at the theatre: happy birthday

Broadway’s Helen Hayes Theatre turns 100 today. The smallest of Broadway’s venues – just 583 seats are sold for the current tenant, the Tony Award-nominated musical Rock of Ages – The Little Theatre was officially renamed the Helen Hayes Theatre in 1983 to honor America’s “first lady of the stage.” It was a fitting tribute given that the first theatre bearing the name of Helen Hayes, on West 46th Street, had in 1982 – along with the Morosco Theatre - been torn down in an act of vandalism to make way for the ungainly Marriott Marquis Hotel. I’ve always had a bit of a sentimental bent for this theatre.  It was at The Little where I saw one of my first Broadway shows: Harvey Fierstein’s breakthrough Torch Song Trilogy with Estelle Getty, a very young Matthew Broderick, and Harvey himself.  Later, I spent almost a decade toiling in the neighboring Sardi’s building, at the Eugene O’Neill Theater Center. Walking daily past what had since become the Helen Hayes I never failed to be fascinated by the ever-changing marquee which heralded the parade of plays and musicals that attempted to settle in and call it home.

Borrowing from Playbill’s “At This Theatre” (Louis Botto and Robert Viagas’ history book of Broadway venues on sale at PlaybillStore.com) here’s a very abridged look at the early years of the old theatre, as well as the all-too-common fate of its passionate producer:

A century ago, The Little Theatre was built by producer Winthrop Ames. An aristocratic New Englander, Ames rebelled against Broadway commercialism and built the Little, then with only 299 seats, as an intimate house for the production of noncommercial plays that were too risky to stage in large Broadway theatres. The New York Times admired the theatre’s red-brick, green-shuttered exterior, its Colonial-style lobby with a fireplace, and the auditorium, which had no balcony or boxes and was built on an incline that afforded an unobstructed view of the stage. Ames’ policy — to produce “the clever, the unusual drama that had a chance of becoming a library classic” — continued to be reflected in the Little Theatre’s fare. Among the early productions, all financed solely by Ames, were George Bernard Shaw’s The Philanderer (1913); Prunella, a fantasy by Laurence Houseman and Harley Granville-Barker, starring Marguerite Clark and Ernest Glendinning (1913); and Cyril Harcourt’s comedy A Pair of Stockings (1914). By 1915 Ames was having financial problems with the Little. Because of his theatre’s small seating capacity, the impresario was losing money, even with hits. On March 11, 1915, The New York Times reported that Ames was in danger of losing his house. To prevent this, Ames planned to increase the seating capacity to 1,000, add a balcony, and make the stage larger. In 1920 Burns Mantle reported that the Little had been remodeled and the seating capacity was now 450 seats.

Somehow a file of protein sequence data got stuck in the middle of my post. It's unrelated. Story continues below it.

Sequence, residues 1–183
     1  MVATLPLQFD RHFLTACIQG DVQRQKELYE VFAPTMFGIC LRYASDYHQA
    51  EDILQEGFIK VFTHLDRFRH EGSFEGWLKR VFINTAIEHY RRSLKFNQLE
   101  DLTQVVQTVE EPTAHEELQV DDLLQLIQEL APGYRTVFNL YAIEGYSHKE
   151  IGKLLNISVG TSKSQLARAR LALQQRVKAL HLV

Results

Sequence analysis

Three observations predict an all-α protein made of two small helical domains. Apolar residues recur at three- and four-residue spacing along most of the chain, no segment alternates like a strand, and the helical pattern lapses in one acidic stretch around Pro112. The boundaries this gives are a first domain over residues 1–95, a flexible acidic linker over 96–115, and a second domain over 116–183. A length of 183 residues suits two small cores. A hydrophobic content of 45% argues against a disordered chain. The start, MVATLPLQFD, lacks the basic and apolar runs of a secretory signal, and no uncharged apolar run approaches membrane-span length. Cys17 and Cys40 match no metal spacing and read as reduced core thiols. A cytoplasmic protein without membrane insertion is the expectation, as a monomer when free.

The true purpose of the Little Theatre, to present new playwrights and experimental dramas, was fulfilled by its next two bookings. In January 1920 Oliver Morosco presented Mamma’s Affair, a first play by Rachel Barton Butler that won a prize as the best drama written by a student of Professor George Baker’s famous “English 47” class at Harvard. Morosco presented a cash award to the author and mounted her play successfully with Effie Shannon. The other drama was Eugene O’Neill’s first full-length play, Beyond the Horizon, which had been playing matinees at other theatres before it was moved to the Little. It starred Richard Bennett and won the Pulitzer Prize. The Little next housed one of its gold mines. The First Year, by actor Frank Craven, who starred in it with Roberta Arnold, proved to be a sensation. It opened on Oct. 20, 1920, was produced by John Golden and ran for 760 performances. Brooks Atkinson reported in his book “Broadway” that by 1922 Ames had lost $504,372 on the Little Theatre. His other theatre, the Booth, which he built with Lee Shubert in 1913, was a commercial house and is still successful today. When Ames died in 1937, his estate had dwindled to $77,000, and his widow was forced to move from the sprawling Ames mansion to a small cottage on their estate.

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at the theater: follies & private lives